“Old Timers make Monkeys of them”

29 May

“You may talk about your college hazing and your West Point tricks on the plebes and beasts, but they don’t beat the jobs put up on young ball players. A juvenile ball tosser is legitimate prey for all other members of the team and they have unlimited fun with him.”

In 1896, Bill Everitt, in his second season as third baseman for the Chicago Colts told The Chicago Daily News about the treatment of rookies:

everitt

Everitt

“A great number of the young players who break into the league come with the idea that the older fellows necessarily know a great deal more about the game than they do and they are only too willing to do anything that may be told them. The result is that old timers make monkeys of them.”

Everitt told the paper that when his former teammate Jiggs Parrott joined Chicago in 1892:

“(Parrott) was told that he was too slow and that he must increase his running powers. How was he to do that? Why, easily enough. Just put on seven heavy sweaters and run ten times around the park in the hot sun without stopping. And Jiggs did it and couldn’t walk nor talk for three days after. Again, they told him that he must take a shower bath after practice—good advice in itself, but detrimental in this case, because they stole his clothes while he was bathing and he had to go home in a pair of brown overalls and a blanket, loaned him by the grounds keeper.”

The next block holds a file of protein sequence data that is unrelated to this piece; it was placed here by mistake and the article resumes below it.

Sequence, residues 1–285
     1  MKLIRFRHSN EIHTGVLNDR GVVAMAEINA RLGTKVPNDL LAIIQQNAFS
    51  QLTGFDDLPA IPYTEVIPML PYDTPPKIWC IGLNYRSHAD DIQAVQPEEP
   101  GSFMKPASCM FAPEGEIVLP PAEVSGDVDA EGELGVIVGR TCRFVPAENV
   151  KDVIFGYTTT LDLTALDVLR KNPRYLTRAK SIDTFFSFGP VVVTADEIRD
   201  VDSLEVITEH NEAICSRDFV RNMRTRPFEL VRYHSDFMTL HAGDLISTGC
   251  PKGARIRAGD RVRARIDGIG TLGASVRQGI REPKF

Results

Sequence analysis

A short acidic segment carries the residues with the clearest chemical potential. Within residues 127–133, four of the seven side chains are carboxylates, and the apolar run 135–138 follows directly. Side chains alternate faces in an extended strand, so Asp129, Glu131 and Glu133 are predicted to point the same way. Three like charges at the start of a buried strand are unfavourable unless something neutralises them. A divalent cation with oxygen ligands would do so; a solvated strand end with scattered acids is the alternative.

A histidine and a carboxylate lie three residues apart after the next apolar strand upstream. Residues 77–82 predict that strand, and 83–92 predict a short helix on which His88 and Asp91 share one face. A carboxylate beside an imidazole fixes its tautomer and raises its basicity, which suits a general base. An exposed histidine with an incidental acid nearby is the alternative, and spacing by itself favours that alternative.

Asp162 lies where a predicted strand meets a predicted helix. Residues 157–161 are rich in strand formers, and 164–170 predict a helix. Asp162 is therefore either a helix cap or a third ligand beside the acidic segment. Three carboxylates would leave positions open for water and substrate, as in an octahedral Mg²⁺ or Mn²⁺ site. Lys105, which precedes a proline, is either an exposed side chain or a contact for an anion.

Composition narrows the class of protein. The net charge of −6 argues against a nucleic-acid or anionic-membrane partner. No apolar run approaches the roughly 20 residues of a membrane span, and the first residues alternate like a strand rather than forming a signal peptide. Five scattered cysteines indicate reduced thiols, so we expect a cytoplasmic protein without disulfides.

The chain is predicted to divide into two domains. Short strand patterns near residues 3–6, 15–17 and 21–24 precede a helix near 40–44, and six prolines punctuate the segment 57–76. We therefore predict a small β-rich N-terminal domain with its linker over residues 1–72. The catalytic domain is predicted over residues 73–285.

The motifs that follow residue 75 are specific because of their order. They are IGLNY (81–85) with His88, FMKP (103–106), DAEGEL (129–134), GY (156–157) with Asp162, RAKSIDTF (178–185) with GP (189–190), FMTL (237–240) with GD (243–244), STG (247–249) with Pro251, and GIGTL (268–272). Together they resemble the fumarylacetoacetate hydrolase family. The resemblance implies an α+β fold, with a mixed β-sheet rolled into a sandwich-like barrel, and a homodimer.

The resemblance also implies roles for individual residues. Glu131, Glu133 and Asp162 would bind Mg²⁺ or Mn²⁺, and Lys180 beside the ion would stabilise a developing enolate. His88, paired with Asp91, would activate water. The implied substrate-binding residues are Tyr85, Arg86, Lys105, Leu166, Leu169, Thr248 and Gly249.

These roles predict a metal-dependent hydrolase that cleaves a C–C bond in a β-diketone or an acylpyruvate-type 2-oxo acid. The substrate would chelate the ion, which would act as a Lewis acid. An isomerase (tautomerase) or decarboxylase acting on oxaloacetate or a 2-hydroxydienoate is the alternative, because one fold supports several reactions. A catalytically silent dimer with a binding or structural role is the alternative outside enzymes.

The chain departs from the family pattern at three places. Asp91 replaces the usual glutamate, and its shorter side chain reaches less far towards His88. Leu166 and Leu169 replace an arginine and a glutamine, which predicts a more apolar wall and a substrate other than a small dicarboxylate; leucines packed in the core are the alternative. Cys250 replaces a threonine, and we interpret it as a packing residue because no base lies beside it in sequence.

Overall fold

Everitt said the latest story of a rookie hazing he heard involved 20-year-old Chicago native Joe Kostal, who had just joined the Louisville Colonels. While on a train, Pitcher Chick Fraser and catcher Doggie Miller told Kostal:

“(T)he way big league pitchers kept their arms in order was to suspend them at night in a strap, which hung from the roof of their berths. Of course, they had previously fixed up a strap, like a street car holder, in Kostal’s berth, and he took it for gospel truth. When he retired, he stuck his arm through the strap and hung that way all night. He couldn’t bend the arm the next day.”

Everitt said the most popular “way to have fun” with younger players involved food:

“I remember that we had some young recruits thoroughly drilled on the diet question. They ate nothing for breakfast but oatmeal mush, which they knew would not make the stomach too heavy, with red pepper sauce poured on it to brighten the batting eye, while they drank coffee with salt in it, guaranteed to harden the muscles and add to endurance.”

Pete Browning was particularly fond of this method of hazing:

browning2

Browning

“(He) used to order the most absurd and hideous compounds and would tell the youngster that it was to help his batting. The juveniles would accept whatever Pete said and would order the same stuff until old Pete’s ingenuity was exhausted dividing new cruelties for them. He would order pancakes with onion dressing and sugar on top and tripe with maple syrup, and all such things and the poor lads who hoped some day to bat as Pete did would never tumble.”

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